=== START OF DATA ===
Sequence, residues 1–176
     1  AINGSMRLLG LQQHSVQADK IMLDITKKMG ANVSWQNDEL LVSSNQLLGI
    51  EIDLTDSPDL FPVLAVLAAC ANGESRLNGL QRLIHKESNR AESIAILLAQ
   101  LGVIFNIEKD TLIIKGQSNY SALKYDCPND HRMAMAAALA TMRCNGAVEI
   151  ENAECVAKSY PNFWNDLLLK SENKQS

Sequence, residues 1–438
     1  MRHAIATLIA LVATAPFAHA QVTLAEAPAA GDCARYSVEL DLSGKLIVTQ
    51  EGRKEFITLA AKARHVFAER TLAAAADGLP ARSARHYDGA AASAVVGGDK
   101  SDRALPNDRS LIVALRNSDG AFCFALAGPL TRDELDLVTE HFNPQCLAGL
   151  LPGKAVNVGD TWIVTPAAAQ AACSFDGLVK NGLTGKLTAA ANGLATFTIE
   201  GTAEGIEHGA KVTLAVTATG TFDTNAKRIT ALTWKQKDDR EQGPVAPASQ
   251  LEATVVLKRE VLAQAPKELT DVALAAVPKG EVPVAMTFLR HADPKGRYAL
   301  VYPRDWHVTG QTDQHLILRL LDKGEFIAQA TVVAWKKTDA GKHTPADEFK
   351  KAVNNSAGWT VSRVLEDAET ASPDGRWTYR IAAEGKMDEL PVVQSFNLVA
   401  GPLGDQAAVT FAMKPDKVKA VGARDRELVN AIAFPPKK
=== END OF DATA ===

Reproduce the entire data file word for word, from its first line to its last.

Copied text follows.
Sequence, residues 1–176
     1  AINGSMRLLG LQQHSVQADK IMLDITKKMG ANVSWQNDEL LVSSNQLLGI
    51  EIDLTDSPDL FPVLAVLAAC ANGESRLNGL QRLIHKESNR AESIAILLAQ
   101  LGVIFNIEKD TLIIKGQSNY SALKYDCPND HRMAMAAALA TMRCNGAVEI
   151  ENAECVAKSY PNFWNDLLLK SENKQS

Sequence, residues 1–438
     1  MRHAIATLIA LVATAPFAHA QVTLAEAPAA GDCARYSVEL DLSGKLIVTQ
    51  EGRKEFITLA AKARHVFAER TLAAAADGLP ARSARHYDGA AASAVVGGDK
   101  SDRALPNDRS LIVALRNSDG AFCFALAGPL TRDELDLVTE HFNPQCLAGL
   151  LPGKAVNVGD TWIVTPAAAQ AACSFDGLVK NGLTGKLTAA ANGLATFTIE
   201  GTAEGIEHGA KVTLAVTATG TFDTNAKRIT ALTWKQKDDR EQGPVAPASQ
   251  LEATVVLKRE VLAQAPKELT DVALAAVPKG EVPVAMTFLR HADPKGRYAL
   301  VYPRDWHVTG QTDQHLILRL LDKGEFIAQA TVVAWKKTDA GKHTPADEFK
   351  KAVNNSAGWT VSRVLEDAET ASPDGRWTYR IAAEGKMDEL PVVQSFNLVA
   401  GPLGDQAAVT FAMKPDKVKA VGARDRELVN AIAFPPKK